Everyone is talking about “the cloud.” But what does it mean?
So what is cloud computing? Essentially, cloud computing is a kind of outsourcing of computer programs. Using cloud computing, users are able to access software and applications from wherever they need, while it is being hosted by an outside party — in “the cloud.” This means that they do not have to worry about things such as storage and power, they can simply enjoy the end result.
Life before cloud computing
When you multiply this effort across dozens or hundreds of apps, it is not easy to see why the biggest companies with the best IT departments are not getting the apps they need. Small and mid-sized businesses don’t stand a chance.
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Cloud computing: a better way.
Cloud-based apps can be up and running in days or weeks, and they cost less. With a cloud app, you just open a browser, log in, customize the app, and start using it.
Businesses are running all kinds of apps in the cloud, like customer relationship management (CRM), HR, accounting, and much more. Some of the world’s largest companies moved their applications to the cloud with salesforce.com after rigorously testing the security and reliability of our infrastructure.
As cloud computing grows in popularity, thousands of companies are simply rebranding their non-cloud products and services as “cloud computing.” Always dig deeper when evaluating cloud offerings and keep in mind that if you have to buy and manage hardware and software, what you’re looking at isn’t really cloud computing but a false cloud.
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The three types of cloud computing
- Infrastructure as a Service (IaaS)
A third party hosts elements of infrastructure, such as hardware, software, servers, and storage, also providing backup, security, and maintenance.
- Software as a Service (SaaS)
Using the cloud, software such as an internet browser or application is able to become a usable tool.
- Platform as a Service (PaaS)
The branch of cloud computing that allows users to develop, run, and manage applications, without having to get caught up in code, storage, infrastructure and so on.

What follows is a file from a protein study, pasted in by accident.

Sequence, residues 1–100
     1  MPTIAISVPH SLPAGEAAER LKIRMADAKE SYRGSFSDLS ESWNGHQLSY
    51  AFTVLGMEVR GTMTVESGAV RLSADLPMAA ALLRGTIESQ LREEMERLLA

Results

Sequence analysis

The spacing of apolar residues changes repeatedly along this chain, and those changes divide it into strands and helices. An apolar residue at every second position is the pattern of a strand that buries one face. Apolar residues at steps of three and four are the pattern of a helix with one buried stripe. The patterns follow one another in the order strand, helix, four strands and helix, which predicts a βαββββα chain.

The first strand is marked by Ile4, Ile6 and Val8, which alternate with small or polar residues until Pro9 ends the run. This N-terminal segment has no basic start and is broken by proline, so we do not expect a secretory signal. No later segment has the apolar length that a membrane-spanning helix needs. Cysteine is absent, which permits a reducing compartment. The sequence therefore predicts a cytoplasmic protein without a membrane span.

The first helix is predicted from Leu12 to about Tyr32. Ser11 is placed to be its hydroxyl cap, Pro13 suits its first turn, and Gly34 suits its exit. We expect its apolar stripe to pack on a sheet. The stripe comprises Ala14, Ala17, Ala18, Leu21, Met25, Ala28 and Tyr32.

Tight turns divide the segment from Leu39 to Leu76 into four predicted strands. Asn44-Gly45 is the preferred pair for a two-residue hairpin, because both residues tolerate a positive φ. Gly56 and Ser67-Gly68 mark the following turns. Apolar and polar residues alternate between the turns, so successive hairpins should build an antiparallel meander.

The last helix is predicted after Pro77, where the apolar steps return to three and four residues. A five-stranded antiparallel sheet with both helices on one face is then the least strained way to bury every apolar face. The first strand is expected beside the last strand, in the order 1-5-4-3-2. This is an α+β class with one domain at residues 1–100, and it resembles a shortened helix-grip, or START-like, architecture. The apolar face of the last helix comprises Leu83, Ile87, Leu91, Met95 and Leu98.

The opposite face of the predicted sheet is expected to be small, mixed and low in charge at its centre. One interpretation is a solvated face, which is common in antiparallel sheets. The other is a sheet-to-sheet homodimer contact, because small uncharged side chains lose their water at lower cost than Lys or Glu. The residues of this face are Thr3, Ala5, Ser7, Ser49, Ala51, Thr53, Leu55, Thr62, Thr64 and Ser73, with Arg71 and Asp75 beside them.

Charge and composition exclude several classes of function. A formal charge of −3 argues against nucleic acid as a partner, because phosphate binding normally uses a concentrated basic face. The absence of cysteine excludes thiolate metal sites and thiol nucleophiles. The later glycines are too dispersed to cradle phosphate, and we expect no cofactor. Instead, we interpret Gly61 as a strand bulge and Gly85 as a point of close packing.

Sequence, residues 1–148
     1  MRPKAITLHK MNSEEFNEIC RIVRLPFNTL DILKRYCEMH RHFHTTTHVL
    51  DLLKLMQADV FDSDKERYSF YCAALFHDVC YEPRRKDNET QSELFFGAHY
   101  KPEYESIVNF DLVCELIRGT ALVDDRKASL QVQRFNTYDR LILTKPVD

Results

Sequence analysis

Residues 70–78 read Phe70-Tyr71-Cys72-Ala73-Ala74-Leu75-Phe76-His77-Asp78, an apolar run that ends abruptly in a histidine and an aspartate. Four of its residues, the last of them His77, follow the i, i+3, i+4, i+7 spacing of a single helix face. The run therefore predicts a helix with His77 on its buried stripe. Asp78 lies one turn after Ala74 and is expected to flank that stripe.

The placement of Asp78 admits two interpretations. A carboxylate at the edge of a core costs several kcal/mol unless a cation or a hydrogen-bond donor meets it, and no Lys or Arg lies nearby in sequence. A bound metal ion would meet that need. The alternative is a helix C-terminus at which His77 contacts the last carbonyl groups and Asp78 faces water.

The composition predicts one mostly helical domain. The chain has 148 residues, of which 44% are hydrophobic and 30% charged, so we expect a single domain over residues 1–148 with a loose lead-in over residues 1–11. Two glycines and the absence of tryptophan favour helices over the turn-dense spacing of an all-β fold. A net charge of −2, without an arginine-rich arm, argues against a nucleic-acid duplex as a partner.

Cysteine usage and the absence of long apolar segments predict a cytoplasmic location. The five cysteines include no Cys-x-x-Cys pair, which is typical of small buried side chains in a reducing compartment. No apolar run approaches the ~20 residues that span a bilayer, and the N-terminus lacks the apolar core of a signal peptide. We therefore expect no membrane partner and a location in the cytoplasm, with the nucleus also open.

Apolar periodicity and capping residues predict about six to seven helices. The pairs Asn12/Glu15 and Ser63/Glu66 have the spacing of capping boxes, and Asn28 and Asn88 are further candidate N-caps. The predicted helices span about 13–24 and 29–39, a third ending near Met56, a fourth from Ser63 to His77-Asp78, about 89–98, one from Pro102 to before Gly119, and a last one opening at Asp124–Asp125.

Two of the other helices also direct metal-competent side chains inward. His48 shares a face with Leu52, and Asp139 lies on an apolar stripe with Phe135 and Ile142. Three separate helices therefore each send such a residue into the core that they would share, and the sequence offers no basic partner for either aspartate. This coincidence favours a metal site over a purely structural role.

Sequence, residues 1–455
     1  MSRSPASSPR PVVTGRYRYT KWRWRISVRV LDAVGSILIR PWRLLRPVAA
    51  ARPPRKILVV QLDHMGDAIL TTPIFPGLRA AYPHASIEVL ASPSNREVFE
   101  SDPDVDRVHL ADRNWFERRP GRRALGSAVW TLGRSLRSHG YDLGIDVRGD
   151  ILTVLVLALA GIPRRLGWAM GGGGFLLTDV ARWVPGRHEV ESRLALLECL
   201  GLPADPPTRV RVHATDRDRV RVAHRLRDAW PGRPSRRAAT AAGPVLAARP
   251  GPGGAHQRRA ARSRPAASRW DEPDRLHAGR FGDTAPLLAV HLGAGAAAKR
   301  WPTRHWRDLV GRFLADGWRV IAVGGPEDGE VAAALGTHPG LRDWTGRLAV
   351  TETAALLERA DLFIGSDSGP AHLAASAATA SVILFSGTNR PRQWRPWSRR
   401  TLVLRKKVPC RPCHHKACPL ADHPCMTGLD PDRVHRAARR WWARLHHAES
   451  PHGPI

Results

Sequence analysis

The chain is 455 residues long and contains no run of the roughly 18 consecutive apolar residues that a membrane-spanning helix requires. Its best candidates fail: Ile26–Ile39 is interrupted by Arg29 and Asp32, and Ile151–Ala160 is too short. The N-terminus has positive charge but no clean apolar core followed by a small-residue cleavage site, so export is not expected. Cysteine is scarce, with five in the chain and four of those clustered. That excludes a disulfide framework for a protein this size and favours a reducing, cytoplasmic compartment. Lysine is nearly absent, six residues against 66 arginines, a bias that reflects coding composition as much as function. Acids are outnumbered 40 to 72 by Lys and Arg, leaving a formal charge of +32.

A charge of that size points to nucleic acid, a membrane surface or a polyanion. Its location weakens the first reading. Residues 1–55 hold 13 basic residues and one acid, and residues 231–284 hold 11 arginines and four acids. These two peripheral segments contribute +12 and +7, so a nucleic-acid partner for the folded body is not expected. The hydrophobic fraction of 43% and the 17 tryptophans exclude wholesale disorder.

There are several types of PaaS. Every PaaS option is either public, private, or a hybrid mix of the two. Public PaaS is hosted in the cloud and its infrastructure is managed by the provider. Private PaaS, on the other hand, is housed in on-site servers or private networks, and is maintained by the user. Hybrid PaaS uses elements from both public and private, and is capable of executing applications from multiple cloud infrastructures.
When choosing a PaaS solution, the most important considerations beyond how it is hosted are how well it integrates with existing information systems, which programming languages it supports, what application-building tools it offers, how customizable or configurable it is, and how effectively it is supported by the provider.
As digital technologies grow ever more powerful and available, apps and cloud-based platforms are becoming almost universally widespread. Businesses are taking advantage of new PaaS capabilities to further outsource tasks that would have otherwise relied on local solutions. This is all made possible through advances in cloud computing.
When you multiply this effort across dozens or hundreds of apps, it’s easy to see why the biggest companies with the best IT departments aren’t getting the apps they need. Small and mid-sized businesses don’t stand a chance. The affordability of cloud-hosted data makes it an essential tool for these types of situations. Here are some other benefits of cloud computing.
Cloud computing allows for adaptable programs and applications, that are customizable, while allowing the owners control over the core code.
Cloud software provides the opportunity to provide personalized applications and portals to a number of customers or tenants.
Because it is hosted by a third party, businesses and other users have greater assurance of reliability, and when there are problems, easy access to customer support.
With the Internet of Things, it is essential that software functions across every device and integrates with other applications. Cloud applications can provide this.
Cloud computing can also guarantee a more secure environment, thanks to increased resources for security and centralization of data.